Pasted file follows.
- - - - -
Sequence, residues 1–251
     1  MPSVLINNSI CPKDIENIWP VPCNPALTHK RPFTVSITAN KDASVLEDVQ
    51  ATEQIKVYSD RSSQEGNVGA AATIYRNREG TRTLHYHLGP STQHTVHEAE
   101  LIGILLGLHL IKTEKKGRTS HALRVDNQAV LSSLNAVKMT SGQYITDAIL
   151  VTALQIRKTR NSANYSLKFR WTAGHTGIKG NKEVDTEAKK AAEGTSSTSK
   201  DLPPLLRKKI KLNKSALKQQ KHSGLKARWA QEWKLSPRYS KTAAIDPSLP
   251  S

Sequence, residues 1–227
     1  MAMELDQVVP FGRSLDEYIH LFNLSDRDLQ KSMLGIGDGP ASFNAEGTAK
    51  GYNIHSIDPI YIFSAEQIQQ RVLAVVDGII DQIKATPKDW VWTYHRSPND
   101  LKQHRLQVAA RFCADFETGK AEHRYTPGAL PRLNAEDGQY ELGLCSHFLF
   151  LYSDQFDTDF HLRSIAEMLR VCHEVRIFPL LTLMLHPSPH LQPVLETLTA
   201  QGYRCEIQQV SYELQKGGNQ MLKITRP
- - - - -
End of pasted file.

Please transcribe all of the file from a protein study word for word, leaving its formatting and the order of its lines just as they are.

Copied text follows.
Sequence, residues 1–251
     1  MPSVLINNSI CPKDIENIWP VPCNPALTHK RPFTVSITAN KDASVLEDVQ
    51  ATEQIKVYSD RSSQEGNVGA AATIYRNREG TRTLHYHLGP STQHTVHEAE
   101  LIGILLGLHL IKTEKKGRTS HALRVDNQAV LSSLNAVKMT SGQYITDAIL
   151  VTALQIRKTR NSANYSLKFR WTAGHTGIKG NKEVDTEAKK AAEGTSSTSK
   201  DLPPLLRKKI KLNKSALKQQ KHSGLKARWA QEWKLSPRYS KTAAIDPSLP
   251  S

Sequence, residues 1–227
     1  MAMELDQVVP FGRSLDEYIH LFNLSDRDLQ KSMLGIGDGP ASFNAEGTAK
    51  GYNIHSIDPI YIFSAEQIQQ RVLAVVDGII DQIKATPKDW VWTYHRSPND
   101  LKQHRLQVAA RFCADFETGK AEHRYTPGAL PRLNAEDGQY ELGLCSHFLF
   151  LYSDQFDTDF HLRSIAEMLR VCHEVRIFPL LTLMLHPSPH LQPVLETLTA
   201  QGYRCEIQQV SYELQKGGNQ MLKITRP